There are reasons why safety and self-reliance are interdependent. And both depend on trustworthy neighbors. Local communities are where we have the most control and the most to lose. The neighborhood we live in, whatever it may look like, is where social problems become personal problems, where needs must be met, and where safety is essential.
When the going gets tough, our neighbors will matter to us. Many Americans are ignoring this reality of civilized life, and they do so at their peril. Today as the world unravels around us, we are confronted with necessity.
No longer can we depend on emergency services or well-stocked stores. No longer can we wait for someone else to do what needs to be done.
Self-reliance is a personal attitude and commitment. But it also depends on community. We need each other. Each of us is called to step forward, to build dependable relationships, to patiently encourage one another in constructive action.
Making things happen will mean listening to our neighbors and learning to cooperate. This is never easy to do and we are not used to it. We face a steep learning curve. But we can do it!
Necessity can only be met with initiative and steadfast patience. With a positive attitude and a readiness to persevere despite the bumps and bruises, we will prevail.
Safety comes with unity of purpose. It emerges gradually in working relationships that cultivate trust and meet common needs. Just as we learn by doing, so also do we earn trust—reaching out across differences of tradition, politics, and experience.
My forthcoming book will provide practical guidance to meet these challenges. This will include the means for creative decision-making in small groups. Aggregating diverse perspectives, interests and skills will maximize both safety and productivity.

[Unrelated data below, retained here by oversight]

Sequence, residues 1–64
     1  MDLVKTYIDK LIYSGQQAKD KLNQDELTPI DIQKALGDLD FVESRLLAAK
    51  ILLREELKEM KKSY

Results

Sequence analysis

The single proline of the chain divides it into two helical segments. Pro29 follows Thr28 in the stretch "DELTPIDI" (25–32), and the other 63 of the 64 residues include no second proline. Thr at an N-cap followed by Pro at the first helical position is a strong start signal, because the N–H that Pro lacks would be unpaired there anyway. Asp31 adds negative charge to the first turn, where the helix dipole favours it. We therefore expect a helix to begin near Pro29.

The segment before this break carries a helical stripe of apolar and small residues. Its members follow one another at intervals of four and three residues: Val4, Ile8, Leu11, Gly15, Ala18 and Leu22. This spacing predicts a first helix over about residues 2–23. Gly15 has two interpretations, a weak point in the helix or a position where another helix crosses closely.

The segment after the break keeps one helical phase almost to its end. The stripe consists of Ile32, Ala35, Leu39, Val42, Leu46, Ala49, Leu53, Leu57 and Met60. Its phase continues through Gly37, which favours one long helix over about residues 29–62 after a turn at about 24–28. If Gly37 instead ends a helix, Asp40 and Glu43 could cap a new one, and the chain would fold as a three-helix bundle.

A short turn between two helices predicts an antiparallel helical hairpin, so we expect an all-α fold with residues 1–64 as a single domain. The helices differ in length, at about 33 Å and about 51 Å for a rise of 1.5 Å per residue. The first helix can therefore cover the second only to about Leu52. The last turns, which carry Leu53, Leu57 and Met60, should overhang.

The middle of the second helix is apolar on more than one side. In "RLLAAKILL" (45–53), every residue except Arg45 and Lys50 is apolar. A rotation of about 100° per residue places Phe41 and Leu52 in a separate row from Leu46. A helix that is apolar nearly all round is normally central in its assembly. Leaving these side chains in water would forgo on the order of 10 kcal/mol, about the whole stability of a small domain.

Effective decision-making takes advantage of the knowledge and thinking of a diversity of perspectives and inputs.
If we listen to one another with inquisitive interest, drawing out every possible nuance, decisions will often produce more than anyone expected.
As I have often said, there will be no need to alter our values or views. Agreement will only be necessary concerning a common purpose or the problem at hand. In the process, however, we will come to know and better understand one another.
Dependable alliances and respectful collaboration can emerge where we least expect them.
Leadership will be needed of a certain kind, and this involves each of us. Responsibility for personal initiative falls to every person. It will be deeds and not words, giving and not taking, that create safety and move us forward.
The most effective leaders will be those who serve with quiet restraint and minimal drama. At the end of the day, the best leader might not even be noticed—because the community will know that “we did this ourselves”.
Citizens who have experienced trust, who understand moral responsibility and constructive action—and who recognize the very high stakes involved—will build these foundations.
What is essential is that Americans stand together selflessly, making firm our commitment to such values as will secure the future, and contribute to a free and just nation.
We must refocus our vision with such strength of purpose that partisan politics is powerless to subvert or degrade our intentions or integrity.
You may watch for the next post on or about January 31.
A note to readers: An introduction to the coming book and several sample chapters are available in draft at the top of the homepage. Please take note of Chapter One: American Crucible.